Development and overview of the Government Healthy Food Environment Policy Index for assessing and benchmarking government policies globally (#192)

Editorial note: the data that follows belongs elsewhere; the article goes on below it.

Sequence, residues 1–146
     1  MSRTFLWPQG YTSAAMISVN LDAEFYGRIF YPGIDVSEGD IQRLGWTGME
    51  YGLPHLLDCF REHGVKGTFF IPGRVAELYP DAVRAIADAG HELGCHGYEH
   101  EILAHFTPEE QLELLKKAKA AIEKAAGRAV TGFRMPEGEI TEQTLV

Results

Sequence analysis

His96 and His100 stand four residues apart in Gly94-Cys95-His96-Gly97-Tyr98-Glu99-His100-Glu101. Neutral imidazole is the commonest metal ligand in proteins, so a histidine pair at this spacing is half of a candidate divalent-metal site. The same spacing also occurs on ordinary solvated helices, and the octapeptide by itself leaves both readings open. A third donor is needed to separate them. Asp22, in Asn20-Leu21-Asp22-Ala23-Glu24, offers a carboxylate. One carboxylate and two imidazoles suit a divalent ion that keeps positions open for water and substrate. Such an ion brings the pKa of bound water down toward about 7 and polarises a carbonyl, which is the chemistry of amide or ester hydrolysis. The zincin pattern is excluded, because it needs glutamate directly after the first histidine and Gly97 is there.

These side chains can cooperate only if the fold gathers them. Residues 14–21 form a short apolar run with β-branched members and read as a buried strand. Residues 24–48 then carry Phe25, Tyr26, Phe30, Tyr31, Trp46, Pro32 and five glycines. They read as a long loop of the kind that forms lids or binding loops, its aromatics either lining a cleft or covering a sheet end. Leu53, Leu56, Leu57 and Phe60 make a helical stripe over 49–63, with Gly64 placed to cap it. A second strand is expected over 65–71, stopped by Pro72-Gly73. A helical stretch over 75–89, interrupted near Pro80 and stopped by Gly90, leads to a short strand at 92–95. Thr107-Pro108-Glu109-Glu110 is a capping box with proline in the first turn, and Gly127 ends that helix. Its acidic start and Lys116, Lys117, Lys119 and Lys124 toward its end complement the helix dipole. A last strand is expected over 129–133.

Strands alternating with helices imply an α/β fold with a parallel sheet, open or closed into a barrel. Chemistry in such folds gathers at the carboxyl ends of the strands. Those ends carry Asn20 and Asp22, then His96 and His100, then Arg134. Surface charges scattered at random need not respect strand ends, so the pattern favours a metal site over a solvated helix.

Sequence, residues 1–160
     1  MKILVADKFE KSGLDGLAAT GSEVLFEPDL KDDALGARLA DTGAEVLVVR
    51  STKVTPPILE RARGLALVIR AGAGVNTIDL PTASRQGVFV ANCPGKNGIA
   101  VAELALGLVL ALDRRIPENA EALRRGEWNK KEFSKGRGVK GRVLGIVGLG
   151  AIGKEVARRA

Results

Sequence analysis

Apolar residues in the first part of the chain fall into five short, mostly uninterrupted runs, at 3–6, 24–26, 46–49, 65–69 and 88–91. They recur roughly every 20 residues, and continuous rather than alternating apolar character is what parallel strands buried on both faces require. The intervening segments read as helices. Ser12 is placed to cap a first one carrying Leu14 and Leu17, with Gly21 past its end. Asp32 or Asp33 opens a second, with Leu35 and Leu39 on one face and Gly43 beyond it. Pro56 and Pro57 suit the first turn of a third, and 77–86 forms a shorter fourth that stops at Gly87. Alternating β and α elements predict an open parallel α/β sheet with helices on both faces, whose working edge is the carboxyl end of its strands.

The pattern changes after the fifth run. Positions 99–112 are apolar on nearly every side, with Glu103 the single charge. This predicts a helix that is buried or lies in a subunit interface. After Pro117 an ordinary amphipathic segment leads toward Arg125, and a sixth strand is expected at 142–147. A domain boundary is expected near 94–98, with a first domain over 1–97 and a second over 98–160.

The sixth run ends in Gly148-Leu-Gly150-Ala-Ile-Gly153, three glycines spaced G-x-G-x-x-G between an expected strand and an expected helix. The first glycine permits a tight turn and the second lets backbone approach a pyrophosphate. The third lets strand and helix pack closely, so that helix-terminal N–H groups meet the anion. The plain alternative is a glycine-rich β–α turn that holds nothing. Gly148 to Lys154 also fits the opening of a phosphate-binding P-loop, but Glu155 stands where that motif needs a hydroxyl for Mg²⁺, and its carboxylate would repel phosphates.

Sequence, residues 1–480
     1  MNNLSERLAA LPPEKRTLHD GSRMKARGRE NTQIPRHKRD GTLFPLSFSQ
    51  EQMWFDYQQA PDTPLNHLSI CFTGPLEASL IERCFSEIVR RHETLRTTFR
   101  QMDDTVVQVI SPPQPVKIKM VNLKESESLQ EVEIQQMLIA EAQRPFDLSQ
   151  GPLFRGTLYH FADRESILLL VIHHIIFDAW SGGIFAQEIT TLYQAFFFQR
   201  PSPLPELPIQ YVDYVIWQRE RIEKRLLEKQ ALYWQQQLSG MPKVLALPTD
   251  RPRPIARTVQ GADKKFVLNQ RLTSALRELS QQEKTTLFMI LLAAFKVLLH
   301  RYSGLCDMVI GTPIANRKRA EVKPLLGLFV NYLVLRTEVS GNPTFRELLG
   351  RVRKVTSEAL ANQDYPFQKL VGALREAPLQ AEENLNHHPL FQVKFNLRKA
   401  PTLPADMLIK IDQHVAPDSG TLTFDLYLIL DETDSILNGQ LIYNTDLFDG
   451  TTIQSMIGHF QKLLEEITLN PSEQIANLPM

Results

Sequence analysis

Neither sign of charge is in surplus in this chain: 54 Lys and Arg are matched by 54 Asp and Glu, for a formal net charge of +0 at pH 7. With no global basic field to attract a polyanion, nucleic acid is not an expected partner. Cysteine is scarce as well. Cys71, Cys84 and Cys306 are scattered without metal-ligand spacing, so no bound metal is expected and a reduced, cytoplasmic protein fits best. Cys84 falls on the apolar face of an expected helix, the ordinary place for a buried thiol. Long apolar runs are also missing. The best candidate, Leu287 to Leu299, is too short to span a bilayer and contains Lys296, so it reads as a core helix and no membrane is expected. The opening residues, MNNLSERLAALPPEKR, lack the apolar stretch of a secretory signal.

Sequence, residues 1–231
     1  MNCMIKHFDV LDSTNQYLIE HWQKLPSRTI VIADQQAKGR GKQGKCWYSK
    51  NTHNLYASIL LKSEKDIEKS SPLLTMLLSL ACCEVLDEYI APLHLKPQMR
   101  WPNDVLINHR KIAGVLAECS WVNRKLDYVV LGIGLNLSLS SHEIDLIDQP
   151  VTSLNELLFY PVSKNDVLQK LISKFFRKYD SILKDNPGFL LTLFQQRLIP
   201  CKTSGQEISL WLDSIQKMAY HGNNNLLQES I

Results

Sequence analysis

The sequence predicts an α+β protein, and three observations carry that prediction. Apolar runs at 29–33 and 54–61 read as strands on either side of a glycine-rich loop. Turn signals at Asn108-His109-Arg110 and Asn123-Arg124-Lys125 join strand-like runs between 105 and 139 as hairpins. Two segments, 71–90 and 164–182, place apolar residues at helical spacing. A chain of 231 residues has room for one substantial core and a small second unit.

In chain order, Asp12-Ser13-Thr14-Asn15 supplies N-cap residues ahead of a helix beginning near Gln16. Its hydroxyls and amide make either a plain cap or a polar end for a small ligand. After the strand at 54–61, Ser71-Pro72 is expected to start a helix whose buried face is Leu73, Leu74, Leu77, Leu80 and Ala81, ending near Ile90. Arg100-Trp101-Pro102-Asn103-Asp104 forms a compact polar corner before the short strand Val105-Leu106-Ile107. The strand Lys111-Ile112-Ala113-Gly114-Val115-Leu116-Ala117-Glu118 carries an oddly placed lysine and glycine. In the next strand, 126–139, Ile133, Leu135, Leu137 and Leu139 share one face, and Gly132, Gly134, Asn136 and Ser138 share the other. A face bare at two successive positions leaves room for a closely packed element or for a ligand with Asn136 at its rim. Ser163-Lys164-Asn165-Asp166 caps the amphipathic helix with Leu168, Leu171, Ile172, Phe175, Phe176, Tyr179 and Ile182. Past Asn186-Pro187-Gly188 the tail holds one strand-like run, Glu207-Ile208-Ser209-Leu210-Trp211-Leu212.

Food environments are a major contributor to the increasing global burdens of obesity and non-communicable diseases (NCDs). The International Network for Food and Obesity/NCDs Research, Monitoring and Action Support (INFORMAS) was recently established to monitor and benchmark food environments, and the public and private sector policies influencing them, to reduce obesity, NCDs and their related inequalities. One of the INFORMAS modules aims to assess and benchmark government policies to create healthy food environments. This monitoring framework was developed based on a review of recommendations for improving food environments and population diets from United Nations bodies, governments and expert advisory groups, and a week-long consultation with international experts. The resulting Government Healthy Food Environment Policy Index (Food-EPI) comprises a ‘policy’ component with seven domains to improve the healthiness of food environments, and an ‘infrastructure support’ component with seven domains to strengthen systems to prevent obesity and diet-related NCDs. Good practice statements are proposed within each domain, and those will evolve into best existing practice exemplars in the future. A rating process is proposed for assessing a government’s level of policy implementation towards good practice and involves the following steps: 1. Context analysis, 2. Collection of relevant policy documents, 3. Evidence-grounding the policies and actions, 4. Validation of evidence with government officials, 5. Rating of government policies by non-government public health experts and organisations, 6. Weighting and aggregation of scores and calculation of the Food-EPI, 7. Collection of comments and recommendations from raters, and 8. Translation of results for governments and stakeholders. This process ideally should be driven by an existing or formed ‘national coalition’ of public health non-government organisations and researchers. The Food-EPI will be pre-tested and piloted in countries of varying size and income levels, and may potentially increase and improve government policies and actions to reduce obesity and NCDs.